Title: The Darkest Ink (Light and Dark: Book One)
Author: Liza Kay
Publisher: eXtasy Books
Length: 176 Pages
At a Glance: The Darkest Ink is a fairly good story with a dual mystery plot, and Liza Kay did a great job with Reese’s character.
Reviewed By: Maryann
Blurb: Sometimes, it takes more than leaving prison to make you free.
Barista. Cat owner. Friendly neighbor. That’s Reese Thompson, and he doesn’t want anybody to look behind this façade. Trapped in a body heavily inked with the shame of his past, Reese’s self-loathing keeps him from fully embracing his freedom after six years of prison. Until a man walks into the café where Reese works, and changes the course of both their lives.
Review: Reese Thompson, barista at Jen’s Caffe, has been out of prison for a year. The café caters to the college crowd, and some find Reese to be a challenge because he doesn’t flirt or socialize with them. His past is a mystery in itself. All Reese wants is to do his job and then go home to peace and quiet and Tizzy, his cat. Jenny Winters, his boss, has tried to set Reese up on a date, but it didn’t turn out well. He doesn’t want anyone asking him questions—he went through that for six years in prison—and he has his own reasons for not getting involved with anyone. A quick hookup at a club suits him just fine.
Charlie Chen is an accountant with hopes of becoming a CPA one day. He finds himself working on an account at his firm that has him frustrated. On a recommendation from a friend, and for a needed break, he goes to Jen’s Caffe for coffee, where, of course, he encounters Reese. Charlie’s voice alone is an attraction for Reese, but Reese believes he has nothing to offer anyone and still can’t see himself in a relationship. In a test to see if they can even be friends, Charlie and Reese go on a ‘silent date’, which, it turns out, is really hard for Charlie. He wants to get to know Reese better, but Reese is not willing to share his life. Charlie might be somewhat geeky and persistent with Reese, but he holds some surprises for Reese, too.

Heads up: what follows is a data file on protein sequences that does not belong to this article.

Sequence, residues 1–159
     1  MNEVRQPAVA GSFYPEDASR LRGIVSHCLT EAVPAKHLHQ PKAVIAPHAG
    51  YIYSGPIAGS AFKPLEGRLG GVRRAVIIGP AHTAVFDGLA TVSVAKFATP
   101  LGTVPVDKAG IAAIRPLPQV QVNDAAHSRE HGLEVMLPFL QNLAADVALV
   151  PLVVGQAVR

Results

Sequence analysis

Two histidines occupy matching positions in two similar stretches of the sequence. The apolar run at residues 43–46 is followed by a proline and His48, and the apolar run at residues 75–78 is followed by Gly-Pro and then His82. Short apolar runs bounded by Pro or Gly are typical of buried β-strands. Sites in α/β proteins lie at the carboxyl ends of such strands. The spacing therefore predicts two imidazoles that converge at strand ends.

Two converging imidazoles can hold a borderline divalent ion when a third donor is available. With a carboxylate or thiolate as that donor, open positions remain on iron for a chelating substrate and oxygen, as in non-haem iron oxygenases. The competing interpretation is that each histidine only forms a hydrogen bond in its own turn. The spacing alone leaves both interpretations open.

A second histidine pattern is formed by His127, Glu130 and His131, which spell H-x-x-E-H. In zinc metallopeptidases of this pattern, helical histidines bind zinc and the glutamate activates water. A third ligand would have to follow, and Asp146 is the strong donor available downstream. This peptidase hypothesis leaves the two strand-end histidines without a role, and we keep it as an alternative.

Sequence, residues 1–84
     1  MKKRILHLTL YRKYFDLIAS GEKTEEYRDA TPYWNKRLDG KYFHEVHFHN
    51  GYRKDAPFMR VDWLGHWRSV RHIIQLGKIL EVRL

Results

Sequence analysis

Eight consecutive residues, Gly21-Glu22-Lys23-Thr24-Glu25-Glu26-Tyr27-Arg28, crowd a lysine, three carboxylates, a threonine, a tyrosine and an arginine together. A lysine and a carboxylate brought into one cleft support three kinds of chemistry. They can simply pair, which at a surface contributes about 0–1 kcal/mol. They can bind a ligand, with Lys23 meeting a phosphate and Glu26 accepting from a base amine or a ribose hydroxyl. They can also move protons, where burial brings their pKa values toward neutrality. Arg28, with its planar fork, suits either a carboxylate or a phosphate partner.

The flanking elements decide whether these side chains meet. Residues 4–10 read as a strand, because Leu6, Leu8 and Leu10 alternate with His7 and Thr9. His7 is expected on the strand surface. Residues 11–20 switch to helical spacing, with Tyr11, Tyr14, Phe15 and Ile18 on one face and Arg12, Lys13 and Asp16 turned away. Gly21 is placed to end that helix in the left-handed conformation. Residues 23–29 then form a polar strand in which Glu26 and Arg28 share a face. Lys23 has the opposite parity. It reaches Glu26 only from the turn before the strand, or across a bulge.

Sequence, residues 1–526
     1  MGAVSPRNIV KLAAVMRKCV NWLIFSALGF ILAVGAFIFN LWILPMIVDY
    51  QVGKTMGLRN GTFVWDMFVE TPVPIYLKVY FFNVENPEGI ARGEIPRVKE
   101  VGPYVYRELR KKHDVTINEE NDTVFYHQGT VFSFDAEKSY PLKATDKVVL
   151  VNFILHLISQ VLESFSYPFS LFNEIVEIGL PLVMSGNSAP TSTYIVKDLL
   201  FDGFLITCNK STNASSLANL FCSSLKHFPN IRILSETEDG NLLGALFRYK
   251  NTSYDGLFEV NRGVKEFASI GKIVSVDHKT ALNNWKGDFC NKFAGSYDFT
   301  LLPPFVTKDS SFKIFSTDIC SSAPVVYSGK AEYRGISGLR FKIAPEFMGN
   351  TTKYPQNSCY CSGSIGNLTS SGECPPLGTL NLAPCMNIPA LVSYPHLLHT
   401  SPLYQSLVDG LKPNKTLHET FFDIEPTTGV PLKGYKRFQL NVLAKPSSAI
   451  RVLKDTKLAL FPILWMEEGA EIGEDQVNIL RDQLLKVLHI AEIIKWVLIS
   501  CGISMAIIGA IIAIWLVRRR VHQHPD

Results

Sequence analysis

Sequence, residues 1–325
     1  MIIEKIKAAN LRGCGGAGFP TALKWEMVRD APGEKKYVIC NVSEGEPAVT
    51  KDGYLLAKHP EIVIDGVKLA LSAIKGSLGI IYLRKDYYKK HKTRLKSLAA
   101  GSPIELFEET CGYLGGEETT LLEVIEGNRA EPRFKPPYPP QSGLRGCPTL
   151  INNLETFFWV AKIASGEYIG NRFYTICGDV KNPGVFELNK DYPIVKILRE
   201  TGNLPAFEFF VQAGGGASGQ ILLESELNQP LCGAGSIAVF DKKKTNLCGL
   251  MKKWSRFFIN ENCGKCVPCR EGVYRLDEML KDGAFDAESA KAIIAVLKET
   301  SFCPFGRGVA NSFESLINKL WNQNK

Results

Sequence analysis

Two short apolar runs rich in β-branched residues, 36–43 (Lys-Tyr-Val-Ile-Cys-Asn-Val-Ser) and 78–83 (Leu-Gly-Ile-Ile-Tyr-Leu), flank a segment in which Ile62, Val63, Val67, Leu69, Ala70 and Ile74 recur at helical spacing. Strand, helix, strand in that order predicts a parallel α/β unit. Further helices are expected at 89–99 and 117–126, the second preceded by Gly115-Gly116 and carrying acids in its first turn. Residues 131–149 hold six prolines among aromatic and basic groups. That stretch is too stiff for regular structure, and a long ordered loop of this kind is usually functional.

While trying to learn more about Reese, Charlie becomes more entangled with the Castell Construction account. He also has to deal with a boss who’s making him uncomfortable. When Charlie finally sees what Reese has been hiding, he loses it and tells Reese he needs time to decide what to do.
The Darkest Ink is a fairly good story with a dual mystery plot, and Liza Kay did a great job with Reese’s character. He stayed true to himself and slowly opened up to Charlie. There’s no insta-love here; Reese has his reasons for that even though Charlie is persistent. Just waiting to find out more about Reese keeps this book interesting. My interest is piqued to see where Liza Kay takes this series next.
You can buy The Darkest Ink here: